• Improving teacher and support staff wellbeing – When the wellbeing of teachers and support staff is prioritised, it has a monumental impact not just on the individuals themselves but the establishment they work in, the students they educate, and the staff members they work alongside. After all, a happy teacher means a happy classroom environment. It also means fewer absences. A wellbeing audit is a fantastic place to start.

Asking questions such as:

  • How happy are you at work?
  • What would you like help with?
  • Are you managing your workload ok?
  • Do you feel appreciated at work?
  • Do you feel able to seek help when you need it?

Audits such as this encourage staff who might otherwise ‘soldier on’ to signal that they may need support in certain areas that are causing them stress. An audit could be beneficial for your school at the end of every term.

Wellbeing also covers areas such as diet, exercise and relaxation, here are some ideas:

  • Contact local gyms to get discounted rates for staff
  • Establish a mentor system where staff are buddied up to support each other
  • Offer once weekly yoga or meditation
  • Offer discounts on school lunches to staff
  • Have team building exercises at least once a year
  • Remember staff birthdays

By creating an environment in which staff feel valued and looked after, you will be rewarded with reduced absence. The happier teachers and support staff are, the less likely they are to take unplanned time off.

At Bloom Procurement Services we support schools with the procurement of professional services, this can include sourcing providers across a range of service areas such as finance and business planning, behavioral programmes, staff absence protection or health and wellbeing initiatives to name but a few. Using our extensive expertise as procurement and education specialists we provide a fully managed end-to-end compliant procurement solution for all schools, academies and colleges to source the best value suppliers to suit their needs. Utilising our wide-ranging supply chain, schools and academies working with Bloom save an average of 11% to 19% against budget, allowing them to release significant cashable savings to support real educational outcomes.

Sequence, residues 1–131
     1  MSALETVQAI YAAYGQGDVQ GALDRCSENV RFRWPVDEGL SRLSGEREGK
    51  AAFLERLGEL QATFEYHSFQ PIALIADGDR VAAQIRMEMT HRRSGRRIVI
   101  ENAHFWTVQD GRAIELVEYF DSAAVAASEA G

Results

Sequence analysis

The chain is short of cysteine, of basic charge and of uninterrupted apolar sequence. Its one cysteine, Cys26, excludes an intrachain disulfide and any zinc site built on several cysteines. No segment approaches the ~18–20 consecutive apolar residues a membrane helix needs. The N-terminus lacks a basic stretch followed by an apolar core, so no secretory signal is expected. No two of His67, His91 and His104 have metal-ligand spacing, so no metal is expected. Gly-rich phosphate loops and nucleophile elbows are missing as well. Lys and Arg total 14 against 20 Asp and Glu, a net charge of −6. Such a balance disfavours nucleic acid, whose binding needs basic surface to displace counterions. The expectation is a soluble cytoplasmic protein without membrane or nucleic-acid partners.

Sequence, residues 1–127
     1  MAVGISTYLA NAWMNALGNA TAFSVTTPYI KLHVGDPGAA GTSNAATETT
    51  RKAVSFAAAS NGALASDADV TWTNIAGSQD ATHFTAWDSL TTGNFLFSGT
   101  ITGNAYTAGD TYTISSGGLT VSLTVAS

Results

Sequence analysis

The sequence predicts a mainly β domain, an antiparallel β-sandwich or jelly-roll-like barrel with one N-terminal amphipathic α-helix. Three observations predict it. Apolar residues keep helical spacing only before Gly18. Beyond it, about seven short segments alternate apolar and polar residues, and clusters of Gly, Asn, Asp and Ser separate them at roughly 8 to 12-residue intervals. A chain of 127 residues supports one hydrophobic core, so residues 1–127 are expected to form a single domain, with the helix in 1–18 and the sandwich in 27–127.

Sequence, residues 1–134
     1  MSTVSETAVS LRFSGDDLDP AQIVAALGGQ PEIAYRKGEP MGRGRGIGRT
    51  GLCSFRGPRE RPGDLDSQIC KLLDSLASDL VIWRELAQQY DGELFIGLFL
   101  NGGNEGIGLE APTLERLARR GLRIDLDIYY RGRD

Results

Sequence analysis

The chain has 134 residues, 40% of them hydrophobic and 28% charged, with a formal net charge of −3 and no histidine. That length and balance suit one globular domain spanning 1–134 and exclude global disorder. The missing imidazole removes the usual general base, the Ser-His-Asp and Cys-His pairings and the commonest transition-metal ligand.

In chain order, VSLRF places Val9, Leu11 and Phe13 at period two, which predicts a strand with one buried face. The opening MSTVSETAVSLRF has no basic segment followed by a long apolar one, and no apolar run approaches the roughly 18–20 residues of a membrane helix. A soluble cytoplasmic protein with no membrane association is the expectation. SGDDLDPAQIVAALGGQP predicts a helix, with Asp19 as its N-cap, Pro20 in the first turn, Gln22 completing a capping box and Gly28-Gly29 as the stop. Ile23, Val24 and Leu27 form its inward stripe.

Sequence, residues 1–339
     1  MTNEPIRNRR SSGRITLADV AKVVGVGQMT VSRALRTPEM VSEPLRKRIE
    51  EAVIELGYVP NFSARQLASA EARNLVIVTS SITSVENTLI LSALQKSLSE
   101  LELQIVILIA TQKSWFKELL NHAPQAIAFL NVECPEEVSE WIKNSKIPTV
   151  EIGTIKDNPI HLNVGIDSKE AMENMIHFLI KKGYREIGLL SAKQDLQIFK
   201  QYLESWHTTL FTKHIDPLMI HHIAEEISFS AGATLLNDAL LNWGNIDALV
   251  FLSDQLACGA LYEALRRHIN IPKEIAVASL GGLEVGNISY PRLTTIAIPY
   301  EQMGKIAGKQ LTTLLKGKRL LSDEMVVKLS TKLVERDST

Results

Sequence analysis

Find out more

We are hosting a free webinar on 5 December 2019 for all education professionals.

The webinar will help you understand the current procurement landscape, how to achieve procurement best practice in the education sector and how your school or academy can generate cashable savings via our managed service solution. We will be discussing the types of services available such as staff absence cover and health and wellbeing initiatives, along with other subjects such as procurement regulations and how to ensure your school is compliant.

If you can’t make the webinar but would still like to find out more, get in touch we would love to discuss how we are opening up procurement for schools and academies..